Archive for the ‘transformation’ Category

Transformation of competent cells

In DNA, GFP, molecular biology, plasmid, Resources, Restriction Enzyme, transformation on March 16, 2011 at 4:53 pm

Scientific Background

Transformation is the process of introducing foreign DNA (e.g plasmids, BAC) into a bacterium. Bacterial cells into which foreign DNA can be transformed are called competent. Some bacteria are naturally competent (e.g B. subtilis), whereas others such as E. coli are not naturally competent. Non-competent cells can be made competent and then transformed via one of two main approaches; chemical transformation and electroporation. It is important to note we have tested transformations of the distribution kit with this protocol. We have found that it is the best protocol. This protocol may be particularly useful if you are finding that your transformations are not working or yiedling few colonies.

In nature what happens is shown on the following two videos:


To see this in a nice lab demonstration tutorial about how transformation procedure is used, and why, watch this:


The demonstration of our iGEM protocol realized in summer 2009 is shown below:

Competent cells (we use DH5α)

DNA (this is a sample)


42°C water bath

37°C incubator

SOC (check for contamination!!)

Petri dishes with LB agar and appropriate antibiotic


1. Start thawing the competent cells on crushed ice (we find this cells in the -70°C fridge)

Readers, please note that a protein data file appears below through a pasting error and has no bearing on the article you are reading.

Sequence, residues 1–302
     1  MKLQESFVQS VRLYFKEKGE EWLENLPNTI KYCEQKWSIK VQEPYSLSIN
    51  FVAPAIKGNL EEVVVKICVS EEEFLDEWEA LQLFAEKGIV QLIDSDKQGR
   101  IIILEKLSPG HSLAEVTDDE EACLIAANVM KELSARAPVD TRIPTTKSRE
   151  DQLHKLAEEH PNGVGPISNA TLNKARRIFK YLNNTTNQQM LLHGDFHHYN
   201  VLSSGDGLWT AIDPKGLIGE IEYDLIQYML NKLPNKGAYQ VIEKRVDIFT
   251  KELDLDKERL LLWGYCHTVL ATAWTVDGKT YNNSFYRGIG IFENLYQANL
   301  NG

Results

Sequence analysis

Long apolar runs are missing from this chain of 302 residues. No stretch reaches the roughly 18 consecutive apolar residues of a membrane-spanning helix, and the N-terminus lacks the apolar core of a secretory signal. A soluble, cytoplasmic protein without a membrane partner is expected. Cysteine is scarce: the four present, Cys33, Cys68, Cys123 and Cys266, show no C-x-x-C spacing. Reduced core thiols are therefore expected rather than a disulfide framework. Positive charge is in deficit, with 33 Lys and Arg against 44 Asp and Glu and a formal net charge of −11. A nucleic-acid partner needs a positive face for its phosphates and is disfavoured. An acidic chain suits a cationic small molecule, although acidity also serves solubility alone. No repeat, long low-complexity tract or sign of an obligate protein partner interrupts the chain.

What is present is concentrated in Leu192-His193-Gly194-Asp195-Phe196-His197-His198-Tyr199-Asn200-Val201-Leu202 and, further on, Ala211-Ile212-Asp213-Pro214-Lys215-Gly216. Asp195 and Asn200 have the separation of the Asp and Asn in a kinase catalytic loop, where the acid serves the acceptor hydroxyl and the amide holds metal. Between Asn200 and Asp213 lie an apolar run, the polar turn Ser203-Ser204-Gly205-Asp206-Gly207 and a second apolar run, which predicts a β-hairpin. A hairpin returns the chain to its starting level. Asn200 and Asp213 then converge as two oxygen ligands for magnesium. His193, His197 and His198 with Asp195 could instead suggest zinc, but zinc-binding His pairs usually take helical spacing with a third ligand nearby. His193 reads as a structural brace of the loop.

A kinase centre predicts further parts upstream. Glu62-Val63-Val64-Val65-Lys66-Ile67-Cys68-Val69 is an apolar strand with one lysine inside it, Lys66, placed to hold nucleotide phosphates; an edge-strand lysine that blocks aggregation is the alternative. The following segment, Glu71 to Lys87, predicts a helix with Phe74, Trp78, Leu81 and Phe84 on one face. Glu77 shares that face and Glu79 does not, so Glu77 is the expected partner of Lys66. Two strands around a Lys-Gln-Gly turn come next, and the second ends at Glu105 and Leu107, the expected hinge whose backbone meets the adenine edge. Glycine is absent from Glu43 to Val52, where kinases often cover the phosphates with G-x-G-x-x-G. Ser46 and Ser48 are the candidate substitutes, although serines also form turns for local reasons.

2. Add 200μl competent cells and 2 or 5μl (50ng) DNA on ice

3. Incubate the cells for 30 minutes on ice

4. Heat shock at 42°C for 90 seconds water bath (not shaker)

5. Incubate for 5 minutes on ice

6. Add 200μl SOC broth (but sometimes not)

7. Shaker 2 hours at 37°C

8. (Sometimes centrifuge for 10 minutes at 10000 rpm and a few supernatant take int he dumb and suspendation the pellet)

9. Plate usually 60μl of the transformation or we make distribution 20μl and 200μl Petri dishes with agar and the appropriate antibiotic(s) with the part number, plasmid and antibiotic resistance

10. Incubate the plate at 37°C for 12-14 hours

Notes & troubleshooting

If you think another video demonstration would be needed, please go on to the next video:

More details about the procedure, with excellent links cand resource material can be found in the Molecular Biology Online Notebook.


1. Sambrook, J., E.F. Fritsch, and T. Maniatis. 1989. Molecular Cloning: A Laboratory Manual. 2nd ed.,1.25-1.28. Cold Spring Harbor Laboratory Press, Cold Spring harbor, NY, USA.